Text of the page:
The gene therapy field is advancing rapidly and though there has been significant progress, there are yet relatively few commercial products approved globally reflecting the infancy of this modality. Some therapies have suffered setbacks due to adverse side effects in patients and limited knowledge about product quality.
With more than 400 gene therapies currently under development, it is more important than ever to improve our understanding of the critical quality attributes essential in ensuring consistent product quality prior to product release and administration to patients.
Potency is one of the most critical quality attributes for GT development and manufacturing and is generally reflective of the product’s therapeutic activity. Potency assays are therefore based on the product’s mechanism of action (MoA). For GTs, understanding the MoA is complex where more than one function is critical to the therapeutic activity; targeting a single attribute for the potency assay is not sufficient.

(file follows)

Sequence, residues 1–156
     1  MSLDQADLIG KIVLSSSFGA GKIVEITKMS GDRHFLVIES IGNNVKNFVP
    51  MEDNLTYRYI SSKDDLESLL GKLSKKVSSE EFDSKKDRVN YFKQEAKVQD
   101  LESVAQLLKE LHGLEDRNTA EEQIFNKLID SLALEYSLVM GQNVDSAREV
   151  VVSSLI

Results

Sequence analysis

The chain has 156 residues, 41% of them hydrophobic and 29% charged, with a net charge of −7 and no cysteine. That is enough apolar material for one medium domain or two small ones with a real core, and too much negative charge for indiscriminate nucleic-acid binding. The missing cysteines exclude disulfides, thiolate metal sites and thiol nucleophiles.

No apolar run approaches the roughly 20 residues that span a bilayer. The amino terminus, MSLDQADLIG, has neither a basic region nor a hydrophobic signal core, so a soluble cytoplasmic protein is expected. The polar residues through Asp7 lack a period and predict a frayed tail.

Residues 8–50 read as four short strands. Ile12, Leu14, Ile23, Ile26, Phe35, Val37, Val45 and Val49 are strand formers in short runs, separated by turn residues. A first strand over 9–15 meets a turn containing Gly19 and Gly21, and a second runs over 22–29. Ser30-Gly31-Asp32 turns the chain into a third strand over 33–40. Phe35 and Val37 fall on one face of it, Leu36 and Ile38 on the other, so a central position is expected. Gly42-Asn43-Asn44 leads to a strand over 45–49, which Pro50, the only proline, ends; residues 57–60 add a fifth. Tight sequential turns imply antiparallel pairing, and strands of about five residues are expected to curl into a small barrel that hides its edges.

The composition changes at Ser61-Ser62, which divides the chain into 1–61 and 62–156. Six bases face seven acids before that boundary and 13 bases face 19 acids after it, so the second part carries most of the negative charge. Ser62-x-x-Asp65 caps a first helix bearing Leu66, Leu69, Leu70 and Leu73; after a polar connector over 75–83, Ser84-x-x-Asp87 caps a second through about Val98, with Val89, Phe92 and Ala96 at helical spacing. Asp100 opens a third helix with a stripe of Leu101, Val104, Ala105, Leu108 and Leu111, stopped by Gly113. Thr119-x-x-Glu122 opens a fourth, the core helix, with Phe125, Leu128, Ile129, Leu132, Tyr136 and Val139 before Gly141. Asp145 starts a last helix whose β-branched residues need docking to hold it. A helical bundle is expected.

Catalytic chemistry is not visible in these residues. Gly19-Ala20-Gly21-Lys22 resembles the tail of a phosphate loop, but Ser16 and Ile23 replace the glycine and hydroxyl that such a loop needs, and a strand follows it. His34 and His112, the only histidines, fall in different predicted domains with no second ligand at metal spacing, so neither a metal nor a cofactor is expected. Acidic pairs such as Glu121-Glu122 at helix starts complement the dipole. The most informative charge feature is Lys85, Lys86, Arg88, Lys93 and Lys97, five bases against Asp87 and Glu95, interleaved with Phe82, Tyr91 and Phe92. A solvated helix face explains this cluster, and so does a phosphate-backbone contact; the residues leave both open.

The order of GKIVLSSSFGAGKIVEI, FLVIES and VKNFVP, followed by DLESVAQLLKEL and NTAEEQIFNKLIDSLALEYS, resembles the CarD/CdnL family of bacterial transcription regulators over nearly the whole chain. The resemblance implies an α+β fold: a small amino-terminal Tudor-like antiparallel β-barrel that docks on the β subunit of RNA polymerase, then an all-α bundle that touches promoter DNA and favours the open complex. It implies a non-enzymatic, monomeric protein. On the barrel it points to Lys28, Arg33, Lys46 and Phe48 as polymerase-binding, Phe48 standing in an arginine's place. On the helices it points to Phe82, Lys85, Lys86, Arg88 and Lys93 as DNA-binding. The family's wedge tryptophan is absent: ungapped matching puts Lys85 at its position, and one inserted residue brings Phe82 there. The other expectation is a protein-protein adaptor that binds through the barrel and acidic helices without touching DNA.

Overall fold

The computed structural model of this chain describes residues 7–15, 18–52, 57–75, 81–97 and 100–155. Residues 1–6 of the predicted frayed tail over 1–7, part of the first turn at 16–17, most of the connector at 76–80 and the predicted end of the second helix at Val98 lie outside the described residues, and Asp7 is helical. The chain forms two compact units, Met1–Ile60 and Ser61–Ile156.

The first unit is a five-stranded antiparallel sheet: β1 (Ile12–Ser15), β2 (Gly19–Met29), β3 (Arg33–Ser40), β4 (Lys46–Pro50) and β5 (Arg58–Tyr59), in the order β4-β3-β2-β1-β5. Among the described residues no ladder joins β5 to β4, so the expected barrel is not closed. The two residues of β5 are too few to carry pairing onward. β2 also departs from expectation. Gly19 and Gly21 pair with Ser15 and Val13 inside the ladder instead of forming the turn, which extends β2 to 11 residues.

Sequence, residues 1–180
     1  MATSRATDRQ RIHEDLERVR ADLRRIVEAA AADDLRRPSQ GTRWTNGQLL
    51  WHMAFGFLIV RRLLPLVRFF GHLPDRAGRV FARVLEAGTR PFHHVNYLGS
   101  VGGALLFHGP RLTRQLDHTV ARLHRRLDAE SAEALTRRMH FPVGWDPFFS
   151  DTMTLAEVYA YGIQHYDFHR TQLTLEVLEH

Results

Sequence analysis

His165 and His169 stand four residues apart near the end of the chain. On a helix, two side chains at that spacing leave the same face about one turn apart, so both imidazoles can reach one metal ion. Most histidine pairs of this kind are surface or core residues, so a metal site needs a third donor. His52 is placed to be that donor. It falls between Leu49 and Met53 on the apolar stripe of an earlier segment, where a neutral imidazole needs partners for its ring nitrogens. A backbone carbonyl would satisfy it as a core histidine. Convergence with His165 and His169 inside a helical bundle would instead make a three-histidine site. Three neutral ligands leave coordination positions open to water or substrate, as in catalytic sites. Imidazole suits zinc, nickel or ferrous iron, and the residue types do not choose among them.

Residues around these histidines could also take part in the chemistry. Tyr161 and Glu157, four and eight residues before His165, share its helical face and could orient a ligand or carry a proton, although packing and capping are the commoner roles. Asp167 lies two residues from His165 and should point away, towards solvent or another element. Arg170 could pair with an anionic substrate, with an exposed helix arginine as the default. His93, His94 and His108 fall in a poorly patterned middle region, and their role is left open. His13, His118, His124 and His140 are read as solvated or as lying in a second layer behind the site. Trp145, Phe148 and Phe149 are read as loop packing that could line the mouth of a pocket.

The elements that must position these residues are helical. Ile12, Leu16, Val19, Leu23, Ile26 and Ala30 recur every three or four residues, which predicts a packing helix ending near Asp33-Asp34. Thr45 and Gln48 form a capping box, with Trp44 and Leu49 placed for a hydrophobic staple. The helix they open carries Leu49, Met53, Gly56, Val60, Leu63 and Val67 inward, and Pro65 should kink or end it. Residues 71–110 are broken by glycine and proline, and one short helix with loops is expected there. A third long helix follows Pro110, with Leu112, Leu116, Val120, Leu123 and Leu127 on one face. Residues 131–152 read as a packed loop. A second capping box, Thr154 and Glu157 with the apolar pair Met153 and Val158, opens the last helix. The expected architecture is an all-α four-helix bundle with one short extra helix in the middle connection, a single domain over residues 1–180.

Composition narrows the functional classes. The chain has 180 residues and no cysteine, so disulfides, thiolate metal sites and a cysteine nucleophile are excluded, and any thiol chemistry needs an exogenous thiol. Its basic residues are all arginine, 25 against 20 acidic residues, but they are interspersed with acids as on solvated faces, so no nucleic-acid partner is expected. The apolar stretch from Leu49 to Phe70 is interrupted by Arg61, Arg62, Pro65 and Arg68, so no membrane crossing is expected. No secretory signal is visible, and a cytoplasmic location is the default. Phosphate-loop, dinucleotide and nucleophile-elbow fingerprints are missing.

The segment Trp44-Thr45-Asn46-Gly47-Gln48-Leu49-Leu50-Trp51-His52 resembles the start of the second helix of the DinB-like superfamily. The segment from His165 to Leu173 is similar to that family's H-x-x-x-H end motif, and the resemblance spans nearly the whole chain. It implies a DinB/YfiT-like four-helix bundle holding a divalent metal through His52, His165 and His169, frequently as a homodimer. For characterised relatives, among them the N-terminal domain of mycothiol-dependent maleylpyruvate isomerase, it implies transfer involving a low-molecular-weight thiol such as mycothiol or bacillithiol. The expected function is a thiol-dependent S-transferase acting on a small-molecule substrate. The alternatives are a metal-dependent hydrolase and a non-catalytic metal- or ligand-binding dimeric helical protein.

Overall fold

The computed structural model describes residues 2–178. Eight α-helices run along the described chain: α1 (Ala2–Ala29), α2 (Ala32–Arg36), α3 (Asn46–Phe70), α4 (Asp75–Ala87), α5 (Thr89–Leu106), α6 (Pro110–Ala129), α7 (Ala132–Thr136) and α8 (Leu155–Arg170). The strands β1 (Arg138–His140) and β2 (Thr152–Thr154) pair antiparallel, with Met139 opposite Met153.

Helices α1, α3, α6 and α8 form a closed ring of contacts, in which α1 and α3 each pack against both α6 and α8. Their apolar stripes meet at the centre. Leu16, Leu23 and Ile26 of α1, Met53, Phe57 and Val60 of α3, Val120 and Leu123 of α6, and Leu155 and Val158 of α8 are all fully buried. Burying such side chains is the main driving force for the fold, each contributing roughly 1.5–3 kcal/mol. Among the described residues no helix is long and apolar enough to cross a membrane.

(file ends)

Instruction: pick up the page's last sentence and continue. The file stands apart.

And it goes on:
BioPhorum’s new paper, Challenges for potency assay development for in vivo and ex vivo gene therapies and the matrix approach brings an awareness of the complexity and challenges associated with developing potency assays that adequately reflect the MoA of GTs and proposes a strategy, the matrix approach, to incrementally implement potency tests to meet early development needs and readiness for licensure application. To help the reader, the paper provides practical examples of a potency assay matrix that reflects the different attributes of in vivo and ex vivo GTs.